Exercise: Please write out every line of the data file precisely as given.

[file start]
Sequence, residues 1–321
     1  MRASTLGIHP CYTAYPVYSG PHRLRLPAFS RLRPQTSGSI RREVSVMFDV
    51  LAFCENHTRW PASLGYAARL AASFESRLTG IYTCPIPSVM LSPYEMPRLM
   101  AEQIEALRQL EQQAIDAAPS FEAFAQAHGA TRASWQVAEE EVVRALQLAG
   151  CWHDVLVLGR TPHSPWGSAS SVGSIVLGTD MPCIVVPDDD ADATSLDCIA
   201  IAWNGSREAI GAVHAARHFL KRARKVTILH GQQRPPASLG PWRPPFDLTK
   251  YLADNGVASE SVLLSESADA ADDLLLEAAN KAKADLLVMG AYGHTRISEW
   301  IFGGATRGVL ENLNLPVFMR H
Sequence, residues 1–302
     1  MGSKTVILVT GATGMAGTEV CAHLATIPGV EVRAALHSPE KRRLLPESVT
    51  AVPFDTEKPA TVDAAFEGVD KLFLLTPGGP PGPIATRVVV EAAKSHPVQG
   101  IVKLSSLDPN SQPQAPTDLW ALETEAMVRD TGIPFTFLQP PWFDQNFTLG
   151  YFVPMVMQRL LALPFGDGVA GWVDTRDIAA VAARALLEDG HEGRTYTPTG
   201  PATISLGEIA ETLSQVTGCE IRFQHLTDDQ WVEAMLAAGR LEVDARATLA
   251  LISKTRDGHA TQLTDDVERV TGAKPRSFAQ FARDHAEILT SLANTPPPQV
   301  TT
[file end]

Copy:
Sequence, residues 1–321
     1  MRASTLGIHP CYTAYPVYSG PHRLRLPAFS RLRPQTSGSI RREVSVMFDV
    51  LAFCENHTRW PASLGYAARL AASFESRLTG IYTCPIPSVM LSPYEMPRLM
   101  AEQIEALRQL EQQAIDAAPS FEAFAQAHGA TRASWQVAEE EVVRALQLAG
   151  CWHDVLVLGR TPHSPWGSAS SVGSIVLGTD MPCIVVPDDD ADATSLDCIA
   201  IAWNGSREAI GAVHAARHFL KRARKVTILH GQQRPPASLG PWRPPFDLTK
   251  YLADNGVASE SVLLSESADA ADDLLLEAAN KAKADLLVMG AYGHTRISEW
   301  IFGGATRGVL ENLNLPVFMR H
Sequence, residues 1–302
     1  MGSKTVILVT GATGMAGTEV CAHLATIPGV EVRAALHSPE KRRLLPESVT
    51  AVPFDTEKPA TVDAAFEGVD KLFLLTPGGP PGPIATRVVV EAAKSHPVQG
   101  IVKLSSLDPN SQPQAPTDLW ALETEAMVRD TGIPFTFLQP PWFDQNFTLG
   151  YFVPMVMQRL LALPFGDGVA GWVDTRDIAA VAARALLEDG HEGRTYTPTG
   201  PATISLGEIA ETLSQVTGCE IRFQHLTDDQ WVEAMLAAGR LEVDARATLA
   251  LISKTRDGHA TQLTDDVERV TGAKPRSFAQ FARDHAEILT SLANTPPPQV
   301  TT